Police, Crime, Sentencing and Courts Bill — Clause 55 — Imposing Conditions on Public Processions — 28 Feb 2022 at 23:30
The majority of MPs voted to allow the police to set conditions on seriously disruptively noisy processions.
The motion supported by a majority of MPs in this vote was:
- That this House disagrees with Lords amendment 73.
Amendment 73 stated:
- Page 47, line 1, leave out subsections (2) and (3)
Had it not been rejected the amendment would have impacted Clause 55 of the Bill titled: Imposing conditions on public processions.
Subsections 2 and 3 provided for powers for the police to set conditions on seriously disruptively noisy processions.
The explanatory notes to the rejected amendment stated:
- Lords Amendment 73* would omit subsections (2) and (3) from Clause 55. These subsections broaden the circumstances in which conditions may be imposed on those organising or taking part in a procession to include where the senior police officer reasonably believes that the noise generated by persons taking part in the procession may have a significant relevant impact on persons in the vicinity or may result in serious disruption to the activities of an organisation which are carried on in the vicinity of the procession.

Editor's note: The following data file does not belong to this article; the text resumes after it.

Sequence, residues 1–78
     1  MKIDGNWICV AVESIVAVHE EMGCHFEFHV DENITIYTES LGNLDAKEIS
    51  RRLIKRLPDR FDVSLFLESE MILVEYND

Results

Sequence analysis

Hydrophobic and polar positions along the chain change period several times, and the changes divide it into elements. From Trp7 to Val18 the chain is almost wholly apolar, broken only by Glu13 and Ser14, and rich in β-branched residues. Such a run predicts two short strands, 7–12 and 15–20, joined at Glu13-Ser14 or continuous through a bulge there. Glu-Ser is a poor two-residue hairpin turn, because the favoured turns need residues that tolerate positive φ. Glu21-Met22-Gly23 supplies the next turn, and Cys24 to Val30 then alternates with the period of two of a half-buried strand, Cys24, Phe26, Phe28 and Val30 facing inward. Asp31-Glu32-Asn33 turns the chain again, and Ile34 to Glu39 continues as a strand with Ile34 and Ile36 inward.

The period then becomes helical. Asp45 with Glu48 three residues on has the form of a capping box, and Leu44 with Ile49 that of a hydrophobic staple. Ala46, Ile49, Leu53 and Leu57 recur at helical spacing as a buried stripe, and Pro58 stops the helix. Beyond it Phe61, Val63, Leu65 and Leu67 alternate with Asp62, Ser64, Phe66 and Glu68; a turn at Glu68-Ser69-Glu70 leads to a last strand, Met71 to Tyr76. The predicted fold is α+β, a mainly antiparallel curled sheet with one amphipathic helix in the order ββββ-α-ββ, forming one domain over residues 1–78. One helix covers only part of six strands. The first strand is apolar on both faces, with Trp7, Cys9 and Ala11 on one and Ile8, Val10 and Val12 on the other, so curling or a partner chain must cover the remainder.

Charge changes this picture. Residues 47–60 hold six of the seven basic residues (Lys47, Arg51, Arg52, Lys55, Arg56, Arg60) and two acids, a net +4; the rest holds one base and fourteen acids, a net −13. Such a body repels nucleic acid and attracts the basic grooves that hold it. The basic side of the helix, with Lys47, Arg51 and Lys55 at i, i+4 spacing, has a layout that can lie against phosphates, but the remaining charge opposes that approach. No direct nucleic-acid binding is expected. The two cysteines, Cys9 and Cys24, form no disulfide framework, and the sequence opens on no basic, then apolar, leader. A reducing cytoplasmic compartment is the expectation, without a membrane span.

-  Parliament's webpage on the Police, Crime, Sentencing and Courts Bill, Parliament.uk
-  Explanatory notes to the Police, Crime, Sentencing and Courts Bill, Parliament.uk
-  Police, Crime, Sentencing and Courts Bill, as introduced on 12 May 2021, Parliament.uk
-  Lords amendments to the Police, Crime, Sentencing and Courts Bill, 26 January 2022, Parliament.uk
-  Explanatory notes to Lords amendments to the Police, Crime, Sentencing and Courts Bill, 26 January 2022, Parliament.uk
-  Police, Crime, Sentencing and Courts Bill, as introduced to the House of Lords on 6 July 2021, Parliament.uk
Votes by party, red entries are votes against the majority for that party.
What is Tell? '+1 tell' means that in addition one member of that party was a teller for that division lobby.
What are Boths? An MP can vote both aye and no in the same division. The boths page explains this.
What is Turnout? This is measured against the total membership of the party at the time of the vote.
|Party||Majority (Aye)||Minority (No)||Both||Turnout|
|Con||285 (+2 tell)||2||0||79.8%|
|Lab||0||165 (+2 tell)||0||83.9%|
|Anne Marie Morris||Newton Abbot||Con (front bench)||no|